As a curator, Katia Zavistovski has definitely made an impact that viewers won't be able to shake for a long time, if ever.
Take, for instance, her "Staring at the Wall: The Art of Boredom" exhibition. On display at Lawndale Art Center from November 2012 through January 2013, the show featured works by six artists who, in Zavistovski's words, "addressed boredom in a number of ways, whether by focusing on the dull moments of everyday life, considering themes of repetition and monotony, or thinking about distraction and ways to keep boredom at bay."
In the exhibit, Clayton Porter had placed, in the middle of the gallery, three television screens facing each other. On each, a video of a big erect schlong on top of a stick of butter.
If you were brave enough to watch the hot stick melt the stick, which actually takes a long time if you didn't already know, you were likely to agree that the dick-butter art constituted boredom. It also qualified as unforgettable.
Zavistovski, a PhD candidate in art history at Rice University as well as the William A. Camfield Curatorial Fellow in the department of contemporary art and special projects at the Museum of Fine Arts, Houston, first started curating at the Massachusetts Museum of Contemporary Art while earning her master's degree at Williams College.
Since moving to Houston, she has co-curated the Rice Media Center exhibition "Raid the Archive: The de Menil Years at Rice" with John Sparagana; written reviews for Art Lies and Arts + Culture Magazine; and, as a Rice Curatorial Fellow, helped Toby Kamps on the Menil Collection's "Silence."
What she does: For years, Zavistovski has been busy with art-related projects, whether it's presenting lectures for SITE, a contemporary art space in Santa Fe, New Mexico; programming art in Santa Fe's public schools; or writing exhibition brochures for Rice's EMERGEncy Room. Currently at MFAH, Zavistovski is working with Alison de Lima Greene on an upcoming James Turrell retrospective.
About her smashing "Boredom" show at Lawndale, she says, "I'm really interested in the artistic compulsion to create and in the anxieties that are part of the creative process, and I think that boredom is as much of a motivating force as other sources of inspiration.
"As Susan Sontag put it: 'The life of the creative man is led, directed and controlled by boredom. Avoiding boredom is one of our most important purposes.' Rather than avoid it, I wanted to think about it critically, and the more I thought about it, the more interested in it I became."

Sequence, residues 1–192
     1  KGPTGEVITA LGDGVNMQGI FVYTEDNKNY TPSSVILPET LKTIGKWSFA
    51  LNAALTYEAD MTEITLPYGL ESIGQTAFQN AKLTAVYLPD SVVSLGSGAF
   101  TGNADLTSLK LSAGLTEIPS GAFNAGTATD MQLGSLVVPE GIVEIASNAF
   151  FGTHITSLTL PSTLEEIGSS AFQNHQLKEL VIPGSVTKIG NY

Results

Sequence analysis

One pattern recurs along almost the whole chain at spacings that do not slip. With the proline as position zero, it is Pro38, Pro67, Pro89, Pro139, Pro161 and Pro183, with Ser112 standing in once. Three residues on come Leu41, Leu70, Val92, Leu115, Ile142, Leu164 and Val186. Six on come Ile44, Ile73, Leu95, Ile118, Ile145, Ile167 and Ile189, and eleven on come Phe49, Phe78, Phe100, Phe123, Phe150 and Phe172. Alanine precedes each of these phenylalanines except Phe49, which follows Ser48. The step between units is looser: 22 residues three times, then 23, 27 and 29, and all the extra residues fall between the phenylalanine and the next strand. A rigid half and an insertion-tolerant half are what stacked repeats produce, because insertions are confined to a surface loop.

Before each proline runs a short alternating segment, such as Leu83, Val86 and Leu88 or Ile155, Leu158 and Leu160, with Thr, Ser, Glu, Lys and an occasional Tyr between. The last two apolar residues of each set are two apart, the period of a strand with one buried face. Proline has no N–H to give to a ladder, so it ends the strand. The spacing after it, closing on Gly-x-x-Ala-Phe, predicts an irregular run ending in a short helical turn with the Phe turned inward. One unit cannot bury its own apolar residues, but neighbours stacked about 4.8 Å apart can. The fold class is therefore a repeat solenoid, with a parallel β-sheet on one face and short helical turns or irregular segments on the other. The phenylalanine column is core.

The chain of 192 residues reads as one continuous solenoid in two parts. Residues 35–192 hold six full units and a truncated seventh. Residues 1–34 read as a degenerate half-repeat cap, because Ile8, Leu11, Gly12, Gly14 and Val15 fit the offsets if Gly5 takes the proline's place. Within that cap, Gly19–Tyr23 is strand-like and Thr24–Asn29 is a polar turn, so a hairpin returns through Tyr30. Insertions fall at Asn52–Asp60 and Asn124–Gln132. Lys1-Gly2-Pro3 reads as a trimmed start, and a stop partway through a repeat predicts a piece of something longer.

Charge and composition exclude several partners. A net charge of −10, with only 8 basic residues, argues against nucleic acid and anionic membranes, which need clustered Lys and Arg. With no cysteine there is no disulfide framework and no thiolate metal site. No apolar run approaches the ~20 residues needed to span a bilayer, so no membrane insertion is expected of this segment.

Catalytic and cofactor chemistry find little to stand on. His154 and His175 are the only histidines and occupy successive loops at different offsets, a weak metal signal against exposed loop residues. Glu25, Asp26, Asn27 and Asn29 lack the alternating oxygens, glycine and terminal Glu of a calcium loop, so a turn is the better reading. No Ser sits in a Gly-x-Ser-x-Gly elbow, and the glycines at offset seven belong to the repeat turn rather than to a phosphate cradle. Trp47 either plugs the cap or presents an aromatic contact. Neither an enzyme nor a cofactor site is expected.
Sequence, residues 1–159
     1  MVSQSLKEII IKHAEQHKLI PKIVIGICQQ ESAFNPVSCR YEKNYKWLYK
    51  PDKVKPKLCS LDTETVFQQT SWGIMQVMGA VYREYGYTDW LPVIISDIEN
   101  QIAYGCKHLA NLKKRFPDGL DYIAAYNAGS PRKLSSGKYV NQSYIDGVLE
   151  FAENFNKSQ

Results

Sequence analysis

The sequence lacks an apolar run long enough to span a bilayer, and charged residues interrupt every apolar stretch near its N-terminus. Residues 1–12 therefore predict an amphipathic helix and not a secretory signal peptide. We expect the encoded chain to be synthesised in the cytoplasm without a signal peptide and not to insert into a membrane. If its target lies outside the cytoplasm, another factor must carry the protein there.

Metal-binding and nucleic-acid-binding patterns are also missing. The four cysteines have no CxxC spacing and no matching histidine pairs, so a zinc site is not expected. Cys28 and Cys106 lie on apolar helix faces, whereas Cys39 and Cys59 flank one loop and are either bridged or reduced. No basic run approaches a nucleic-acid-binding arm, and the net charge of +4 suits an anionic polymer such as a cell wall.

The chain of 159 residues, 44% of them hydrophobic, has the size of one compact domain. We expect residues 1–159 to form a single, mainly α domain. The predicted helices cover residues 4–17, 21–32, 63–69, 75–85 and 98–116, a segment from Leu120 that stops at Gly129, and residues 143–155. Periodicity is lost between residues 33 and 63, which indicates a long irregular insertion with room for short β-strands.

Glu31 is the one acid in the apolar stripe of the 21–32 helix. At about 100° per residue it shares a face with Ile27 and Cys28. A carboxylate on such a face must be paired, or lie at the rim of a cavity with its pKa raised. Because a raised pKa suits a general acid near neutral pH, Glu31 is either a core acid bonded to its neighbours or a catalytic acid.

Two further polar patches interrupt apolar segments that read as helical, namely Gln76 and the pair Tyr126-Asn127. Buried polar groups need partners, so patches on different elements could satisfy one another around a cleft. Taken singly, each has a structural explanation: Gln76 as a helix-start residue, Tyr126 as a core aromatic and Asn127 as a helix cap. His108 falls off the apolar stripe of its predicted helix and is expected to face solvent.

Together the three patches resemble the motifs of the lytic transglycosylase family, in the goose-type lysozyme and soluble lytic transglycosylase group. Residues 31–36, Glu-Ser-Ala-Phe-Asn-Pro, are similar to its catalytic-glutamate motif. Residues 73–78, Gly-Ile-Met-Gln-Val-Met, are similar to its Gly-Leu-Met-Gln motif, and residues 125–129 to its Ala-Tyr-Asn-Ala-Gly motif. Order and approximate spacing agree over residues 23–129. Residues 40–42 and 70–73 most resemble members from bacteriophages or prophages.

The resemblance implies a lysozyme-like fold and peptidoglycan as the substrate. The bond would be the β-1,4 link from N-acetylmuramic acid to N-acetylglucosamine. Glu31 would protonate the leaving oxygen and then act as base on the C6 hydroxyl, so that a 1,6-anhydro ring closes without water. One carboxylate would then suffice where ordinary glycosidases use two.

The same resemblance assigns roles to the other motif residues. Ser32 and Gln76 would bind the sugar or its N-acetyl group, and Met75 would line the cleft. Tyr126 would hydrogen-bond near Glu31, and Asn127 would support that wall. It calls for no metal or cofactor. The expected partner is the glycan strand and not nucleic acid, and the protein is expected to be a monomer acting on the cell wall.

Why she likes it: Aside from the fun-challenging dynamic, the dialogue art inspires, the creation of narratives and the collaborative nature of curating, Zavistovski says that she understands the world through art.
"It's really the vehicle through which I've learned about everything from politics and economics, to psychology, moments of agricultural history, the development of prostheses, the invention of sidewalks, entropy and the history of morgues, among other things," she explains. "To me, art can also tap into the liminal or in-between spaces of history, our everyday lives and our consciousness. It has a unique capacity to communicate ideas and feelings that are hard to express in other ways."
What inspires her: Famous artists, writers and musicians are cool, but "it's the people I know -- my family, friends, professors, coworkers, classmates -- that inspire me the most," says Katia.
"I'm also inspired by things that make me feel uncomfortable or even confused," she says. "Things that are weird or difficult to think about or articulate. It's the things that resist easy interpretation, the things that I don't quite 'get,' that keep me thinking and questioning and that keep me inspired."
If not this, then what: An existence in some sort of challenging field. "I've always thought being a conservator would be really interesting. And at one point, I considered double majoring in psychology. But I am admittedly terrible at science, so I'm not sure how far I would get in either of those fields!"
If not here, then where: "There are lots of places I'd love to go or revisit, among them Berlin, London, Moscow and Japan," says Zavistovski. "But I'm really happy in Houston right now. I had never been to Texas before moving here two and half years ago, and I didn't know what to expect. I've since fallen in love with the city."
What's next: Katia is finally able to emerge "from the recesses of the library" after passing her PhD qualifying exams, which required more than six months of studying. (Yuck.)
"My immediate future involves catching up with friends, checking out the exhibitions that have recently opened and spending more time outside while the Houston sweat index is still pretty low," she says. "I don't have any curatorial projects scheduled for the coming months, but I do have some ideas that I'm excited about and am looking forward to working on."
More Creatives for 2013 (In order of most recently published; click here for the full page).
Ashley Horn, choreographer, filmmaker Amanda Stevens, scary book author Peter Lucas, film and video curator, music lover and self-described culture-slinger Ana María Otamendi, collaborative pianist and vocal coach Billy D. Washington, comedian Michele Brangwen, choreographer and dancer Kristin Warren, actress and choreographer Kelly Sears, animator and film maker Colton Berry, Bayou City Theatrics' artistic director jhon r. stronks,dance-maker Joe Grisaffi, actor, director, writer, cinematographer Jordan "Monster Mac" McMahon, artist, designer
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